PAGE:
Sunday, August 3, 2014

Entombed A.D.: Back on the Path

If you're old enough to remember the scene back then, you know that 1989-1991 was an important era for underground Metal. Take a minute and just think about the albums that came out in that short period of time. There was Sepultura's Beneath The Remains and Arise, Obituary's Slowly We Rot, Death's Human, Bolt Thrower's War Master, Deicide's Deicide, Napalm Death's Harmony Corruption, Benediction's The Grand Leveller, Massacre's From Beyond and Carcass' Symphonies Of Sickness, to name just a few. Those were the days of Earache, Roadrunner and the “Triple Thrash Threat“ on Headbangers Ball. Those were also the days when the mighty Entombed led the Scandinavian Death Metal scene with 1990's landmark album Left Hand Path and its legendary followup, 1991's Clandestine. If you haven't listened to these Entombed records in a long time, give them a spin and remember just how unbeatable this band was in those early days. Now, get ready to listen to something new from the band that is just as powerful and memorable as those two releases.

Out August 5 in the US on Century Media Records, Back To The Front (released under the revised moniker “Entombed A.D.”) is a brutal Metal album, similar in many ways to the direction the band followed on their last effort, 2007's Serpent Saints: The Ten Amendments. These two albums are definitely more representative of Entombed's early days than their more Rock-oriented sound during the late '90s (especially on 1998's polarizing Same Difference, which found the band sounding closer to New York bands like Electric Frankenstein and D Generation than anything on Clandestine). Did the band (currently comprised of singer L-G Petrov, guitarist Nico Elgstrand, bassist Victor Brandt and drummer Olle Dahlstedt) make a conscious decision to keep things full-on Metal with this new album, or was it something that developed organically as the album took shape?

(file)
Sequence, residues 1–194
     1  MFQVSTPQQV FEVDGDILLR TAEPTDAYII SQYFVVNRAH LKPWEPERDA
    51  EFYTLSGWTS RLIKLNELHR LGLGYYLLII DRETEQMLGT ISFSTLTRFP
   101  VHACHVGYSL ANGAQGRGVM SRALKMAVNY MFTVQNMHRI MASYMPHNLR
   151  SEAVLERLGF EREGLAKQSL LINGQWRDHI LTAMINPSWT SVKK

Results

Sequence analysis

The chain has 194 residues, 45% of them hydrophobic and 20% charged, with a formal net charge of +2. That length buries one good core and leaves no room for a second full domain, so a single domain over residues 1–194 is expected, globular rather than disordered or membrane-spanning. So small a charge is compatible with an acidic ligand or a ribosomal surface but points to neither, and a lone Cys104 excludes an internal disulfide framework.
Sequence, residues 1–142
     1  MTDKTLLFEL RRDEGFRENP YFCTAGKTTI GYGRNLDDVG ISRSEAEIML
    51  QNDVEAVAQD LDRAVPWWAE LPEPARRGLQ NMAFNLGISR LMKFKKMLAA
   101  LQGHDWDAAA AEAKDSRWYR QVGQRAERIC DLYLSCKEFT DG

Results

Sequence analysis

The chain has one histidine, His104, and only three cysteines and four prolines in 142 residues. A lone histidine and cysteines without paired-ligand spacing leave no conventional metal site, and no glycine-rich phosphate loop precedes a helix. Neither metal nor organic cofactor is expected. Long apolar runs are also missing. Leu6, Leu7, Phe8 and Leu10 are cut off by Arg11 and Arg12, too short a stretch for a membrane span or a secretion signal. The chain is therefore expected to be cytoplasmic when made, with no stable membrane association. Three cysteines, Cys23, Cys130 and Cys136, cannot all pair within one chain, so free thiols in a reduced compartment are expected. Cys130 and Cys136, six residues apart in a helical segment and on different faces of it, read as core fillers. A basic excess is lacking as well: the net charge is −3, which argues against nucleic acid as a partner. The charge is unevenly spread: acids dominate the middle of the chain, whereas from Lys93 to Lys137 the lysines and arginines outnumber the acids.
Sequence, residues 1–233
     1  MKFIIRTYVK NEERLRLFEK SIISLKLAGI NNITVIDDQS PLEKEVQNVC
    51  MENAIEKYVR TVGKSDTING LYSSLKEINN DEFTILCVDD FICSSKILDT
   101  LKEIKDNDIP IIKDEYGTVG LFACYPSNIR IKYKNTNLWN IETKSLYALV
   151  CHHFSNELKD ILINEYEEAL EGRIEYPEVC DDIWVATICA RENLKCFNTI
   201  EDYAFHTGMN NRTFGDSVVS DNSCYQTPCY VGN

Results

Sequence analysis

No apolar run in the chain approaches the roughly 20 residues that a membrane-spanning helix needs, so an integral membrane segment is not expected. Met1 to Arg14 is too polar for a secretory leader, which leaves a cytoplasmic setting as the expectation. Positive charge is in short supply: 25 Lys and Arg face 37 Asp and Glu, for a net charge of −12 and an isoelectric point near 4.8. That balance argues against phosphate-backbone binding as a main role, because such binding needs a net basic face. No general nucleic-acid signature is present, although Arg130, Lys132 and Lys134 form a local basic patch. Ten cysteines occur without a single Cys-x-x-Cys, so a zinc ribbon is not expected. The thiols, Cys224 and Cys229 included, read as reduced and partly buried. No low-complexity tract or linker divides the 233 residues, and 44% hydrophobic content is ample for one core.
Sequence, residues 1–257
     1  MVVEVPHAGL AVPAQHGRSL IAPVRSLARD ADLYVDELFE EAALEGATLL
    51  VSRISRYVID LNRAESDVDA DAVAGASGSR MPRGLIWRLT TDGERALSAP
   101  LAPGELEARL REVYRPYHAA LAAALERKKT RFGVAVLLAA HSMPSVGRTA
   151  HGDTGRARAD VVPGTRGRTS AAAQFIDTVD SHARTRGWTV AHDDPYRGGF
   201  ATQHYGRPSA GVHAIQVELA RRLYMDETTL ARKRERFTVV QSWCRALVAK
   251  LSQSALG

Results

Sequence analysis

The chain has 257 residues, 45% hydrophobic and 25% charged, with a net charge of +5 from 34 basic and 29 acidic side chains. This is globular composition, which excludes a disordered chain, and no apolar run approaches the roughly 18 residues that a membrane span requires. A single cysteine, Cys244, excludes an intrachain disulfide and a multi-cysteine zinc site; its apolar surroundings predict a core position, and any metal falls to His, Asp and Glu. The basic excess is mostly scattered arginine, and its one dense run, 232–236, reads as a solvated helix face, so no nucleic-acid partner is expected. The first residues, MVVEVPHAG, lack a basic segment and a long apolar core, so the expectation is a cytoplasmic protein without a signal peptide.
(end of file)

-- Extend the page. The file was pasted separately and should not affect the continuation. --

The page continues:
“We never sat down and decided what kind of album it was gonna be,” replies Elgstrand. “Everybody wrote as much music as they could, and then we took the best bits of everything. Also, we always knew that most metal is stronger than a rock.”

Although it is characteristically heavy, Back To The Front is also unlike any other Entombed album ever released. For one thing, founding member/guitarist Alex Hellid is nowhere to be heard on the disc. (Elgstrand performs all guitar work.) Then, of course, there is the whole “Entombed A.D.” thing. Despite these oddities, Elgstrand insists that this is still the band that legions of fans around the world have come to follow and respect over the last quarter-century.

“We just added the 'A.D.' to avoid a bunch of horseshit; it is still Entombed,” he says. “Same shit, new package, if you will (laughs).”